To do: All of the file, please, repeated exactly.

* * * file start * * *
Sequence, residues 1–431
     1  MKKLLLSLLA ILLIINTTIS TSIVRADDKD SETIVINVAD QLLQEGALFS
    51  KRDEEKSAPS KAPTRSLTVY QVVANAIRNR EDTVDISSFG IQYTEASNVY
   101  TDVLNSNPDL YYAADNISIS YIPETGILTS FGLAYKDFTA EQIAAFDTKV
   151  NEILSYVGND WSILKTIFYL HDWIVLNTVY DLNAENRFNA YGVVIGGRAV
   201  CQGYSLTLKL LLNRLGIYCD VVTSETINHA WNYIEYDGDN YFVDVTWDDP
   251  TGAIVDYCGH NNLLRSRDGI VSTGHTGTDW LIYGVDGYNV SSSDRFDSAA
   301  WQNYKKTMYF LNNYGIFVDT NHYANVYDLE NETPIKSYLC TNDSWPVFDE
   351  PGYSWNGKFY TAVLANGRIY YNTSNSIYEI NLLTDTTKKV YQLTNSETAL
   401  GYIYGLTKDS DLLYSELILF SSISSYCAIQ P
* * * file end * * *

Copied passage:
Sequence, residues 1–431
     1  MKKLLLSLLA ILLIINTTIS TSIVRADDKD SETIVINVAD QLLQEGALFS
    51  KRDEEKSAPS KAPTRSLTVY QVVANAIRNR EDTVDISSFG IQYTEASNVY
   101  TDVLNSNPDL YYAADNISIS YIPETGILTS FGLAYKDFTA EQIAAFDTKV
   151  NEILSYVGND WSILKTIFYL HDWIVLNTVY DLNAENRFNA YGVVIGGRAV
   201  CQGYSLTLKL LLNRLGIYCD VVTSETINHA WNYIEYDGDN YFVDVTWDDP
   251  TGAIVDYCGH NNLLRSRDGI VSTGHTGTDW LIYGVDGYNV SSSDRFDSAA
   301  WQNYKKTMYF LNNYGIFVDT NHYANVYDLE NETPIKSYLC TNDSWPVFDE
   351  PGYSWNGKFY TAVLANGRIY YNTSNSIYEI NLLTDTTKKV YQLTNSETAL
   401  GYIYGLTKDS DLLYSELILF SSISSYCAIQ P